A joint research paper from Nvidia and Stanford University describes technology that could be key to the difference between the massive Apple VR headset we expect to see in late 2022/early 2023 and the kind of thin Apple eyeglasses likely to be released several years later. .
One of the main challenges for any eyeglass-like augmented reality device is the physics of the display’s optics…
With a traditional VR headset, you have a relatively small screen, which you want to fill in the view of the person wearing it, requiring enough distance between the screen and the eyepiece for the necessary magnification. This, the researchers note, requires massive headphone designs.
However, the main barrier to widespread adoption of VR technology is the bulky form factor of current VR screens and the associated inconvenience. [PerkinsCoie 2019, 2021]. This problem stems from the magnifier principle of VR display optics, in which the lens magnifies the small micro-display image. This design requires a relatively large distance between the microdisplay and the lens, which makes today’s VR screens bulky and uncomfortable to wear.
One solution to this is the “flat lens” – a very flat lens design used in military headsets such as night vision goggles. But flat lenses don’t offer the kind of image quality required for extreme close-up use like augmented reality and virtual reality, and most importantly they can’t create 3D images.
Nvidia and Stanford researchers propose a different solution: holograms.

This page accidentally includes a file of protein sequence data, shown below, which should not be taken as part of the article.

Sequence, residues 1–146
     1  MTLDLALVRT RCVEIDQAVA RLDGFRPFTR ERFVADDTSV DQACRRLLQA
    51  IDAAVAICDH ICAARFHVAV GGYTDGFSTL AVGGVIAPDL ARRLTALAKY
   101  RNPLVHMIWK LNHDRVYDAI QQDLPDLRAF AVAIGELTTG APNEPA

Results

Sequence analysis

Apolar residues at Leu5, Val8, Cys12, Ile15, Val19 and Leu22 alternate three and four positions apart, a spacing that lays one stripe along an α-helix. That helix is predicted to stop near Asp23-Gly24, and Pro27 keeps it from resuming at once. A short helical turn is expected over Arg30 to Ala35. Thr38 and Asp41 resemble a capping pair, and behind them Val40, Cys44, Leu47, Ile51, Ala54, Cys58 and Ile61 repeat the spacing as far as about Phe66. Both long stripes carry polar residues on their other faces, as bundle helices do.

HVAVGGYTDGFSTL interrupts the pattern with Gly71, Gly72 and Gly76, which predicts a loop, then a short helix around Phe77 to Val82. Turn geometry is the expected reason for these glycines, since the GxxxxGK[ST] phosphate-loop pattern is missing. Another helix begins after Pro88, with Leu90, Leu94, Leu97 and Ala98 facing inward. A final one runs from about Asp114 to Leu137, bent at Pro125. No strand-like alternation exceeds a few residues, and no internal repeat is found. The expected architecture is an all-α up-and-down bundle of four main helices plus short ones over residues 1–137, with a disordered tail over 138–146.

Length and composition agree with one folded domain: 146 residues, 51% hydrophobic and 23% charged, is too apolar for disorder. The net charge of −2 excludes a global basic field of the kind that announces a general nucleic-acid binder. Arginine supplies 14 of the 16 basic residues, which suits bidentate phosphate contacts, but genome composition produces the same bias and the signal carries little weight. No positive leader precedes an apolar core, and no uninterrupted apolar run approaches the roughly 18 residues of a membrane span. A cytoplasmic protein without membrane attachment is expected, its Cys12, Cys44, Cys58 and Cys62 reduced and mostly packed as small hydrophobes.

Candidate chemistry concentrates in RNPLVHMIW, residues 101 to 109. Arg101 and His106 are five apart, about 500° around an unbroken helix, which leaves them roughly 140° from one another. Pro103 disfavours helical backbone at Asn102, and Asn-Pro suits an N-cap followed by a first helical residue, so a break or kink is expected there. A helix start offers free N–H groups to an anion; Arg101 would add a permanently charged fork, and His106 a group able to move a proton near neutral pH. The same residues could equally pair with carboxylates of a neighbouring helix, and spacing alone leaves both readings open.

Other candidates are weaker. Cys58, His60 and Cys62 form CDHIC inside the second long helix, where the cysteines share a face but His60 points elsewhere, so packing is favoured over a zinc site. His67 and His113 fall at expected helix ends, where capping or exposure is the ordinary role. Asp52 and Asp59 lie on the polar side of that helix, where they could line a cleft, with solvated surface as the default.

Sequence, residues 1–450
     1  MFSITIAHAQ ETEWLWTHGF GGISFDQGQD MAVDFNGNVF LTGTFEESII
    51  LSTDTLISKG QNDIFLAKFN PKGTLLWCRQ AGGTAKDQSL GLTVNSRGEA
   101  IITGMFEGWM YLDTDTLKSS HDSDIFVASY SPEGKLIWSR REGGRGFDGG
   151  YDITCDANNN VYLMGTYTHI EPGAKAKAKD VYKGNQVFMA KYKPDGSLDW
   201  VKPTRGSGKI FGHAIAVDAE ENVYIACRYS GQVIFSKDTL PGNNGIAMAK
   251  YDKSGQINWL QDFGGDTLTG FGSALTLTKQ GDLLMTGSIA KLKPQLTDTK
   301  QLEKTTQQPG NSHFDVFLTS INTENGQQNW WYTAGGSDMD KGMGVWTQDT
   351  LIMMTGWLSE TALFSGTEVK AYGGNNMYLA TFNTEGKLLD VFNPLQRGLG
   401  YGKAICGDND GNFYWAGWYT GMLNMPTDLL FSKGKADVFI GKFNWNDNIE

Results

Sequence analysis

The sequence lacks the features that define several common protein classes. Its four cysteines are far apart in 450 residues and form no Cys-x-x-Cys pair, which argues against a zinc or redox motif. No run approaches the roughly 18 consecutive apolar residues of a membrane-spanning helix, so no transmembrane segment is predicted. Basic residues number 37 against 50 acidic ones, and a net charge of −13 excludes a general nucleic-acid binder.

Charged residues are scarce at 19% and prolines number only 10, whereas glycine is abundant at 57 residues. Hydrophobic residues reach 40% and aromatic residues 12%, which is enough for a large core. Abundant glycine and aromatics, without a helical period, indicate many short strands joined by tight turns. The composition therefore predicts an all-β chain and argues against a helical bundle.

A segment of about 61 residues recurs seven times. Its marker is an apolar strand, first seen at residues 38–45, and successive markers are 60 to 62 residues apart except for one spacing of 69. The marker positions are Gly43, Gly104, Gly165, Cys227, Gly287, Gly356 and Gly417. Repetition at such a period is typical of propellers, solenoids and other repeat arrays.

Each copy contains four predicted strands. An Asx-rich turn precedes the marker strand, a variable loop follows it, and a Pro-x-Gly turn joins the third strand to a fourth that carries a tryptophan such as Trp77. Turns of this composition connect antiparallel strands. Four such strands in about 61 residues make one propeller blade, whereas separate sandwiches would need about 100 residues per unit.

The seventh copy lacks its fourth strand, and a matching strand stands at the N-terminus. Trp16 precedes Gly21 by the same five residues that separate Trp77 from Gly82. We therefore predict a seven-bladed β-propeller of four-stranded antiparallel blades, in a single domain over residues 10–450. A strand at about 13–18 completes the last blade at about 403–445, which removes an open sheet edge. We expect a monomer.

We propose a 3D near-eye display system that provides a 2D or 3D image display of each eye with a device thickness of only a few millimeters.
This non-scaled diagram gives an indication of how this can be reduced from the required depth. The depth of the prototype is only 2.5 mm.
However, 3D images come with their own image quality issues. But just as Apple uses computer photography to offer features like Portrait Mode for photos and Cinema Mode for videos, the researchers say they can do the same to fix image quality.
We propose a 3D near-eye display system that provides a 2D or 3D image display of each eye with a device thickness of only a few millimeters. Our system is based on modern ideas that use artificial intelligence techniques to improve image quality and speed up the computation of computer-generated holograms (CGH) (for example, [Peng et al. 2020; Shi et al. 2021]). With our experimental design and prototyping, we hope to stimulate new research and engineering trends toward ultra-thin, all-day wearable VR screens with similar form factors to traditional eyeglasses.
The team acknowledges that real-world applications are still some time away. In the prototype, the glasses themselves contain only display technology. Like TNW Notes, everything else is external.
It’s also important to note that the images you see of the ultra-thin VR glasses show a wearable prototype. As Jonghyun Kim – Senior Researcher at Nvidia – put itthis is “a practical demonstration, though separating the dashboard, power and light source for the conceptual image.”
That’s why we see ribbon cables running from the top of a typical device.
We expect Apple’s first AR/VR headset to look like a more elegant version of current devices like the Oculus Quest 2 and HTC Vive, but will be more expensive. It seems that the first generation device is more likely to be aimed at developers than consumers.
Apple glasses are advancing, and not much is known about them yet. We’re not likely to see these before 2025, if that happens.
FTC: We use affiliate links to earn income. more.
Check out 9to5Mac on YouTube for more Apple news: